Learn More About Going into the Dark.

Learn More About Going into the Dark.

Gifts of Practice: Peace

blooming pink lotus up close on the flower
blooming pink lotus up close on the flower

Gifts of Practice: Peace

Peace.

What is it and what is it not?

One thing it is not is the absence of conflict. Another thing it is not is a state in which some people are oppressed by others. For example, there is no peace in the United States now. White supremacy, heteropatriachy, ableism, imperialism and kyriarchy overall crush some people for the benefit of others.

statue of Gandhi on cross-legged on a boulderThere is no peace because there is no justice. It takes justice to create the public peace.

That does not mean, however, that inner peace is not available to us. Nor that peace is not valuable.

As far as I can tell from my own necessarily limited experience, inner peace is a state of deliberateness. That is to say, it is a quality of not being reactive, inclined to get into pointless arguments or fights, or easily drawn into conflict.

Peace I Give You

Peace is often associated with contentment, but I don’t think contentment is required for a peaceful spirit. “Peace I leave with you, my peace I give you,” Jesus of Nazareth said, at a time when his people were under terrible imperial oppression. I do not think he meant, “Be contented with your lot. Don’t worry, be happy.”

I think what Jesus meant is to be clear of mind and calm of heart. Being at peace, one can still say “no.” One can also work to create something new, to say, “Yes” to the world one dreams about, the world Rev. Dr. King called “Beloved Community.” Being peaceful in one’s heart does not mean we don’t engage in the struggle. It means, rather, that we are not driven mad by the struggle.

A friend of mine—a person of color—told me that he thinks white people wishing people of color peace is a form of privilege. I have struggled with that admonition, as I am white and I have many friends of color and we are all engaged in the struggle against racism and for justice. I continue to struggle with it, and I will honor his position and his view of peace. I take what he has said to me into consideration.Martin Luther King Jr. contemplative pose

Nonetheless, at this point, I think of people I admire:  Aung San Suu Kyi, Nelson Mandela, Rev. Dr. King, Mahatma Gandhi, Bishop Desmond Tutu, Pope Francis, Sister Joan Chittister, Thich Nhat Hahn, and the Fourteenth Dalai Lama. I think of the looks of their eyes, the cadences of their speech, and the commitments of their spiritual lives. And I see peace.

I aspire to that peace—peace that stays engaged in the struggle and peace that does not give over to reactive rage. Peace respects the rage of others, the expressions of hopelessness and oppression that are understandably everywhere around us, and nonetheless nurtures and inspires the spirit.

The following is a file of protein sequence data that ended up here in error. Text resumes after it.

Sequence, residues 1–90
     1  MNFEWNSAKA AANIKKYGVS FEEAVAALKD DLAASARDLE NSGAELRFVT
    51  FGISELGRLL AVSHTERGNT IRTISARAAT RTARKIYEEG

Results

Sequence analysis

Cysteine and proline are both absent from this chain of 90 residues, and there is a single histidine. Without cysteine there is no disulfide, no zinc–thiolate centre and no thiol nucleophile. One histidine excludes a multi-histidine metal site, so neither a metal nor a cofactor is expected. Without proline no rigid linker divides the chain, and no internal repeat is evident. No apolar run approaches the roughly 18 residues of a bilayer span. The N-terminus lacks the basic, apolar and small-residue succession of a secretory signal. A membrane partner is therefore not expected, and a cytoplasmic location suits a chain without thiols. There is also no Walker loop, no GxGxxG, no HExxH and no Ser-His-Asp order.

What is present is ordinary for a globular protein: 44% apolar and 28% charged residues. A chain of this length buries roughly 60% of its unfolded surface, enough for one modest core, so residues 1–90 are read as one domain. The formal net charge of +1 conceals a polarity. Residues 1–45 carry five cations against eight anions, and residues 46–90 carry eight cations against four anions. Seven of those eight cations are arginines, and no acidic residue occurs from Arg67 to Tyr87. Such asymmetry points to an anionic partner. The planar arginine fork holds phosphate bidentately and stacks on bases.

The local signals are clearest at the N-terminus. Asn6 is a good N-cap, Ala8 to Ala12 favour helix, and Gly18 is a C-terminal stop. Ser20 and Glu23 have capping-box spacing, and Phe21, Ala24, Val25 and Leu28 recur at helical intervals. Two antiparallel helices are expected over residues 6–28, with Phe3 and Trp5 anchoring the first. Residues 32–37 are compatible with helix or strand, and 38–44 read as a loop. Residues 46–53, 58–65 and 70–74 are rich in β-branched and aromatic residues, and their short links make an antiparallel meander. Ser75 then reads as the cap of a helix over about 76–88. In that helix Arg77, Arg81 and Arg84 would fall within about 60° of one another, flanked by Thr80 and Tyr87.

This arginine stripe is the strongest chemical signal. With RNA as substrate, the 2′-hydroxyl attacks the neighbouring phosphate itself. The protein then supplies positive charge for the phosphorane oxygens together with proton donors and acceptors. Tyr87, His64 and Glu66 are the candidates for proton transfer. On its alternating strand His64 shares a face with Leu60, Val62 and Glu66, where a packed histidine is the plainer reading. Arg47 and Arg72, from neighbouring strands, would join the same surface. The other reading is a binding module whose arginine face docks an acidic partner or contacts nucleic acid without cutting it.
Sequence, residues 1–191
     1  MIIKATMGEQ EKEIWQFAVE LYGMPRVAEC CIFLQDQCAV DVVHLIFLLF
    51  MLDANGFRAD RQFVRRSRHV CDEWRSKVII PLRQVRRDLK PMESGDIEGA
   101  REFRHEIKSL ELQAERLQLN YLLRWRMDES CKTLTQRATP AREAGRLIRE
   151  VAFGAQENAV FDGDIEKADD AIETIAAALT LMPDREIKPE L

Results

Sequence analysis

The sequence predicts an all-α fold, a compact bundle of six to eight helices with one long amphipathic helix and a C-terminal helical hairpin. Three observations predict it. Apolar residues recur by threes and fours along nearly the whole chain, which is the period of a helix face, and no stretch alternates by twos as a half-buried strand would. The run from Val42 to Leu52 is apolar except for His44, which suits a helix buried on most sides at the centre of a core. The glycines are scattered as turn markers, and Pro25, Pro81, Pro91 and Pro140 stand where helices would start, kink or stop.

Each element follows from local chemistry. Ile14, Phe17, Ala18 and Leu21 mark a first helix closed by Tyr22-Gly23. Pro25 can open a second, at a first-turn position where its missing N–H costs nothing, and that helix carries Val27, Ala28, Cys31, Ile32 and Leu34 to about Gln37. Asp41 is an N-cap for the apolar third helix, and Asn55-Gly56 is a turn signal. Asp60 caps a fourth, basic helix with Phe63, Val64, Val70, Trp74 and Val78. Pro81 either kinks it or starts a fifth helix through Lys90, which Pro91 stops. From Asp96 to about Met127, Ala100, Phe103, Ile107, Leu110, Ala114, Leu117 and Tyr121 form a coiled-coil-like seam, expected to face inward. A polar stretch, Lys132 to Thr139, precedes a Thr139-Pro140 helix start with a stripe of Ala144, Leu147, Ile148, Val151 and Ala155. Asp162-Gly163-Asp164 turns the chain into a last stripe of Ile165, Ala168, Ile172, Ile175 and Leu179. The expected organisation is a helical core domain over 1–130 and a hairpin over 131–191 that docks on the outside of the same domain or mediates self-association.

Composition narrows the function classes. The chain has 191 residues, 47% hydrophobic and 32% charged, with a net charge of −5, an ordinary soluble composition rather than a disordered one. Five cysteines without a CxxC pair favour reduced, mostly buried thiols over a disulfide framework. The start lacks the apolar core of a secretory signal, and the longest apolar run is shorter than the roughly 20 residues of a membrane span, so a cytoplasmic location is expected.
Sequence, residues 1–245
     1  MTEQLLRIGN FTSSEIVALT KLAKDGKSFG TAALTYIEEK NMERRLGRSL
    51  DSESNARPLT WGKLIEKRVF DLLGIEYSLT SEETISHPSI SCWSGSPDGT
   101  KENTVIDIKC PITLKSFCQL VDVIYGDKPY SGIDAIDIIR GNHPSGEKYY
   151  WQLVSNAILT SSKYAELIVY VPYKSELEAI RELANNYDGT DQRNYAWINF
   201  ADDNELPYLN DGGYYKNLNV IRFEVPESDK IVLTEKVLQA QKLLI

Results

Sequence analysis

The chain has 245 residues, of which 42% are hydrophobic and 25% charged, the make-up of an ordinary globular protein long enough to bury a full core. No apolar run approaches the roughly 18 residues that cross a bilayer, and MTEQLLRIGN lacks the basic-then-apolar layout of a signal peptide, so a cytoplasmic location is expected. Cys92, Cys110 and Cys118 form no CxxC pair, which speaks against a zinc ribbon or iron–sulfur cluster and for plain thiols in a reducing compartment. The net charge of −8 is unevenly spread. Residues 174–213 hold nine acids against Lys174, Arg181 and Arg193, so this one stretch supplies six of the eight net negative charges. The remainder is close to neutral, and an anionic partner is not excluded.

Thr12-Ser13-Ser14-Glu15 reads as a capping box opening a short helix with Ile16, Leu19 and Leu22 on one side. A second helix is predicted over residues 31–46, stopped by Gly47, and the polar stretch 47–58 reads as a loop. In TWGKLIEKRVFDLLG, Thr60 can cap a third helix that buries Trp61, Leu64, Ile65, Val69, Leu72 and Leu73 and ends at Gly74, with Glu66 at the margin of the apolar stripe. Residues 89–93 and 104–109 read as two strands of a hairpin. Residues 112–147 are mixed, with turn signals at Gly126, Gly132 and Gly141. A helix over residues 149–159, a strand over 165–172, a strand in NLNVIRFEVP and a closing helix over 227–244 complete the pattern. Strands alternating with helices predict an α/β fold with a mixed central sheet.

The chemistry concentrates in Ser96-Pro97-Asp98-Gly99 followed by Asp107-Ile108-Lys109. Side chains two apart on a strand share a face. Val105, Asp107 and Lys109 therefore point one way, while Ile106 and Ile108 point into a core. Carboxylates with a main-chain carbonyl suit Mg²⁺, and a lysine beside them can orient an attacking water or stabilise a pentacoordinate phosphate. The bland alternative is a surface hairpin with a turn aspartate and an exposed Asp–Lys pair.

The Jewel in the Crown

I bring all this up as part of my blog series because I think peace may be the jewel in the crown of practice.

I have not been peaceful for much of my life. I have been reactive, anxious, fretful, defensive, and inclined to despair. Along with other psychological approaches, it is spiritual practice that heals those wounds in my life.

I cannot tell you how grateful I am for the way spiritual practice gentles my spirit and gives me the clear-sightedness that peace engenders. I have tears in my eyes as I write this. I have been someone plagued by bleak depression for most of my life, spiritual practice has frankly helped to keep me alive and engaged with my life.

If you are someone who struggles with anger, depression, hopelessness, or despair, practice may help you. Whether it’s classic meditation or other forms—grappling on a jiu-jitsu mat, writing daily, singing, cycling through the city or the mountains, contemplative reading, centering prayer or any number of other ways of engaging your Deepest, Wisest Self—there is something you can do, some way you can be in the world that will help bring you peace.

lotus small

 

I so strongly believe this. I believe that peace can be yours, whether you have a spiritual path or none. I believe that there are practices that will help you. They have helped me.

They have helped to save. My. Life. Hear me. Saved my life.

Do You Want Some?

And so I invite you to join me for the month of January. Let us swim slowly through the Great River of Spirit where it flows in its meandering way towards the Sea. I invite you into a time of practice, a time of gentle challenge and fierce support for you.

Do you want to feel peace in your heart? My heart says you do. Go here for all the information you need and to sign up for our meetings, beginning tomorrow. Each Tuesday in January, we will meet online to support one another. I will travel with you as both a guide and a fellow journeyer along the paths of Spirit. Let us join one another and come to a deeper understanding, a deeper delight, and a deeper peace.

2 Responses

Leave a Reply

Your email address will not be published. Required fields are marked *

This site uses Akismet to reduce spam. Learn how your comment data is processed.